Do we really need room-temperature superconductors?

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An immaculate baby giraffe at Bright's Zoo in Tennessee.

Credit: Bright’s Zoo/TMX/Reuters

Spot-free baby giraffe (Giraffa calopardalis) is believed to be the only living giraffe born at a zoo in Tennessee that gives each animal a unique specimen. The zoo says the all-brown female’s rare color is caused by a genetic mutation and is otherwise “healthy and normal”. The last recorded birth of a spotted giraffe was in 1972 at Tokyo Zoo. Check out this month’s sharpest science shots. Natures photo team.

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Artificial intelligence systems can describe how compounds smell by analyzing their chemical structures. Neural networks can provide descriptions for hundreds of molecules, such as ‘grass’, including some that do not exist in nature. “There is something special about smell,” says neurobiologist Alexander Wiltsko. It is the only sensory input that goes directly from the sensory organ to the brain’s memory and emotional centers without passing through other areas of the brain—which is why scents can evoke specific, intense memories.

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The cash-strapped Cochrane, an institution known for its influential systematic reviews, is undergoing a painful restructuring. The group began as a grassroots, volunteer-powered organization of researchers and clinicians and became central to the emergence of evidence-based medicine. Now, the loss of UK government funding, and a move to make all its reviews free to read without a subscription, means its future is in flux. As well as addressing financial pressures, Cochrane’s restructuring aims to address criticism of how long its reviews take and the balance between efficiency and excessive centralisation.

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Features and opinion

From coal smoke in 17th-century London to pollutants hastily melting Greenland’s ice caps today, a new book by media and technology researcher Jay Owens explores “tiny particles doing terrible things.” Some of the most powerful stories in the book center on a dried-up lake bed, critics write and Nature Reporter Alexandra Witze. Owens’ exploration of how the thirst of urban dwellers turned a California lake into a dustbin “beautifully weaves together environmental justice, water rights, and public health to tell a story”.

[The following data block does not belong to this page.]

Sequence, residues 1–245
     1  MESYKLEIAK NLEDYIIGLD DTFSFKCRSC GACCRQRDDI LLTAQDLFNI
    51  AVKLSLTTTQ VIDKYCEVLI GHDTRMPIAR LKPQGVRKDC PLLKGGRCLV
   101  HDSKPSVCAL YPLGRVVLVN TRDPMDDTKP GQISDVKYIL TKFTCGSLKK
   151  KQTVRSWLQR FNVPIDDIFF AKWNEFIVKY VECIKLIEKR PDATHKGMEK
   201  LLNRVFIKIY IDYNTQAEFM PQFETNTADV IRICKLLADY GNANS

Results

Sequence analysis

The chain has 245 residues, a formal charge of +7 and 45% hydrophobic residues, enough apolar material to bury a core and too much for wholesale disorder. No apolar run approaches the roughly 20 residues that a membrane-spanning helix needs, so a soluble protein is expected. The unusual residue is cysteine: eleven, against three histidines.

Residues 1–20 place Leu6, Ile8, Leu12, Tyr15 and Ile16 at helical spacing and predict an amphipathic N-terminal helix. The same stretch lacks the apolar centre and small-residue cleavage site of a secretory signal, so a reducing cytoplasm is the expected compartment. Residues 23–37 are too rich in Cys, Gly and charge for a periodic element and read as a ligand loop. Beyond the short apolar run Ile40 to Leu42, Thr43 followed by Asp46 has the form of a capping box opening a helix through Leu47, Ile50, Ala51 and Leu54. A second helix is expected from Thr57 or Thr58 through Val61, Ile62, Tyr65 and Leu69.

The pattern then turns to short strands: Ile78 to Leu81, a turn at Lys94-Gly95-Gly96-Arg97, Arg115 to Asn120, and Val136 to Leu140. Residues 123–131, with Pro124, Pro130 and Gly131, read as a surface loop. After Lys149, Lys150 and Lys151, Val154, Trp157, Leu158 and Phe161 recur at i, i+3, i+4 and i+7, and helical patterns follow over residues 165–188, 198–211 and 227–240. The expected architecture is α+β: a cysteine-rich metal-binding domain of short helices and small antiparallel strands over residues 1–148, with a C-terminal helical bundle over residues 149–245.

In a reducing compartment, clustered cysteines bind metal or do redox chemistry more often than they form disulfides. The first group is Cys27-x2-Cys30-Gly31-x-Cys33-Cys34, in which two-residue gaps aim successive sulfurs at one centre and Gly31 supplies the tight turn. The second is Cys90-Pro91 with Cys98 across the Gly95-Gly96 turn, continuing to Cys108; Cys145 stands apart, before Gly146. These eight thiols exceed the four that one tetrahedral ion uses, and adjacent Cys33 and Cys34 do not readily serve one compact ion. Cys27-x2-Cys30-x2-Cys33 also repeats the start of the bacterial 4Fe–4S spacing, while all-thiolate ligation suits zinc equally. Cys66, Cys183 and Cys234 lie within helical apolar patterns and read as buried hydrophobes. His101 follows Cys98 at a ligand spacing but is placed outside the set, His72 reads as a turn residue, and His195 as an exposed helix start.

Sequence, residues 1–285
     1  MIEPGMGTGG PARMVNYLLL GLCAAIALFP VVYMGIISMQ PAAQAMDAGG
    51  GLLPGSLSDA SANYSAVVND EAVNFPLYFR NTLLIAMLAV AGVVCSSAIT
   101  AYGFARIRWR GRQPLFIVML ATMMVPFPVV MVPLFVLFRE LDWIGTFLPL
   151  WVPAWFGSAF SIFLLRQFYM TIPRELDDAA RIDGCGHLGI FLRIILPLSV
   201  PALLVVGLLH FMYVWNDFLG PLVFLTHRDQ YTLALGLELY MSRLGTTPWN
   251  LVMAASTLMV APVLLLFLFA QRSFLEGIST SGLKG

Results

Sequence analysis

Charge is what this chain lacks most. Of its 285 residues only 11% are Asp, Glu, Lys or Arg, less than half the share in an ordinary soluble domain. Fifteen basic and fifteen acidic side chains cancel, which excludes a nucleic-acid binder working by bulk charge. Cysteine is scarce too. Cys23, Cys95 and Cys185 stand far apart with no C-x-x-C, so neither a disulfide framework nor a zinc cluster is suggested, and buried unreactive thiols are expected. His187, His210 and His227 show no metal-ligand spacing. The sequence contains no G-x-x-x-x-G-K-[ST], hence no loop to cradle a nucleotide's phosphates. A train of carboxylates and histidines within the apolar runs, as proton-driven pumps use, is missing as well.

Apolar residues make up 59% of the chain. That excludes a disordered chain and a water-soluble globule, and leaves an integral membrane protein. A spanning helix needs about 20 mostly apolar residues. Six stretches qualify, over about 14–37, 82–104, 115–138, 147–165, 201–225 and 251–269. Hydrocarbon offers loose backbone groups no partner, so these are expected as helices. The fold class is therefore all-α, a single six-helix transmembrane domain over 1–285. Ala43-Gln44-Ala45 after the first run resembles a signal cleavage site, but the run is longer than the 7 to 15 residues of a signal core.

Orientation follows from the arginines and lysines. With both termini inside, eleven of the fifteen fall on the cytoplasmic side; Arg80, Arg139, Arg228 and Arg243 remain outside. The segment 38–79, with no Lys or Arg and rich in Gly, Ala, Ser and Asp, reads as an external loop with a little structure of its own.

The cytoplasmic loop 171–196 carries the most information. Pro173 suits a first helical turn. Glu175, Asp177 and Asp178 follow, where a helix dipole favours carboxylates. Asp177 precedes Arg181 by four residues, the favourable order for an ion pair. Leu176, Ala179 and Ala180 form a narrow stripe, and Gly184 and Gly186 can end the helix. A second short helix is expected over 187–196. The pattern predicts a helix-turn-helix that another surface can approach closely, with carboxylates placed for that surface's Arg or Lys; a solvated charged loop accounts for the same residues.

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The surge caused by LK-99—the purple crystal that was supposed to change the world—died after studies showed the material was not a superconductor. But one question remains: Will a true room-temperature superconductor be revolutionary? The answer is that it – depends on the application and whether the fictional material has other important qualities. But in some scientific fields, particularly those that use strong magnetic fields, better superconductors are likely to have a big impact.

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Today’s thought

Marine biologist Shane Gero co-leads the Cetacean Translation Initiative, which aims to train machine-learning algorithms to reproduce — and perhaps even help us understand — the communication of sperm whales (Physeter macrocephalus). (Read The New Yorker | 32 minutes)

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